LOW-E Toughened Glass For Skylight
There is something very special about living close to the sky with a clear view of mornings, and starry nights while still being sheltered and protected from the elements.
Skylights are light transmitting fenestration (elements filling building envelope openings) forming all, or a portion of, the roof of a building's space for daylighting purposes.
All skylights are more vulnerable to direct sunlight when the sky is clear, and there is no overshading from trees, so additional shading or other solar control measures must be considered.
Many recent advances in glass systems have greatly benefited all skylight types. Some advances increase thermal performance, some are focused on preserving and utilizing daylight potential, and some are designed to enhance strength, durability, fire resistance and other performance measures.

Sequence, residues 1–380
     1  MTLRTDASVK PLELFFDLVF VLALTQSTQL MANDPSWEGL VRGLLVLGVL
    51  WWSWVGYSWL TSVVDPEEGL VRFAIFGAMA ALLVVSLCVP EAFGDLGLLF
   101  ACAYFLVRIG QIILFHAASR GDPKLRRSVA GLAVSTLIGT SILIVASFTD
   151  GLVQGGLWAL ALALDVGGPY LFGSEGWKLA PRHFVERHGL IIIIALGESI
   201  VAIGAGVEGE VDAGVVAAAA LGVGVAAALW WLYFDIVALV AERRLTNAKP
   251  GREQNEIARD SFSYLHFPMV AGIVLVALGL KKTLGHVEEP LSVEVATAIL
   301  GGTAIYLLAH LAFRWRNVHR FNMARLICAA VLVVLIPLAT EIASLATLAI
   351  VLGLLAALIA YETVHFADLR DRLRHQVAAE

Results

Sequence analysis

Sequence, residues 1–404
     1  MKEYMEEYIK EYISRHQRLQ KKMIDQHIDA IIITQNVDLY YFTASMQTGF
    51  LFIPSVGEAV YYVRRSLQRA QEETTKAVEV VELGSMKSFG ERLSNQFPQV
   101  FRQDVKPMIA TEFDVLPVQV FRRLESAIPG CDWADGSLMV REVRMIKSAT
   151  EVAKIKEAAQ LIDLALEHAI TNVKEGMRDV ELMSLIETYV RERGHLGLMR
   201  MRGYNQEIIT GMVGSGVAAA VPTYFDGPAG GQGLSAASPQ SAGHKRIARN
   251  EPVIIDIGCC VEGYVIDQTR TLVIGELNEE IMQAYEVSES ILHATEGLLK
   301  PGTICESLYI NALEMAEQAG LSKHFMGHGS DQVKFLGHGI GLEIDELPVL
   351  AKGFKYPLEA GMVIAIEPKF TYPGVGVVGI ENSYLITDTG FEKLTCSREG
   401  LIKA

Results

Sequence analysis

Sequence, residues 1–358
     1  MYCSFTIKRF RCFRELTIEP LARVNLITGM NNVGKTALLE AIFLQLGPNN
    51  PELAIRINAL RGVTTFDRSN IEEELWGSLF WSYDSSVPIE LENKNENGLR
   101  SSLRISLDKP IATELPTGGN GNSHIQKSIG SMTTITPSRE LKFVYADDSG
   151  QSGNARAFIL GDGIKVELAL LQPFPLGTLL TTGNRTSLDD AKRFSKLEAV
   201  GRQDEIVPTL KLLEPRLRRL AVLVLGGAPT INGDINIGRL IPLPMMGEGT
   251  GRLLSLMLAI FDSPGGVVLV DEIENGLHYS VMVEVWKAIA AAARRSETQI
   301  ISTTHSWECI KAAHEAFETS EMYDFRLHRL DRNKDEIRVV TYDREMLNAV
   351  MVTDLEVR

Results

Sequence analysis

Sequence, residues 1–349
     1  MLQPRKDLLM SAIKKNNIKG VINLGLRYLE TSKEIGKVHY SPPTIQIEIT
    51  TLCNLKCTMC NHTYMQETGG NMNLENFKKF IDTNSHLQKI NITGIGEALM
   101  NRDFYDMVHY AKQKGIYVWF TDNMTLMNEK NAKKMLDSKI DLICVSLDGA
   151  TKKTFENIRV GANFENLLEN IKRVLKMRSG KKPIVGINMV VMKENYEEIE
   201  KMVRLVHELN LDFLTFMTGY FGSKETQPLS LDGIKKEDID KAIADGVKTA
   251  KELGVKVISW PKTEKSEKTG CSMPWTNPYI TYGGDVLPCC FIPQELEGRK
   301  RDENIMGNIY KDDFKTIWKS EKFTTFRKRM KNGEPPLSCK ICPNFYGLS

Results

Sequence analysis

Glass units typically include at least one low emissivity (Low-E) coating applied to one or more glass surfaces to reduce the U-factor and especially SHGC by suppressing radiant heat flow. Many varieties of Low-E coatings also reduce daylight potential to different degrees.
Contemporary skylights using glass infill (windows) typically use sealed insulating glass units (IGU) made with two panes of glass. These types of products are NFRC-ratable for visible transmittance. Assemblies with three panes can sometimes be cost-justified in the coldest climate zones.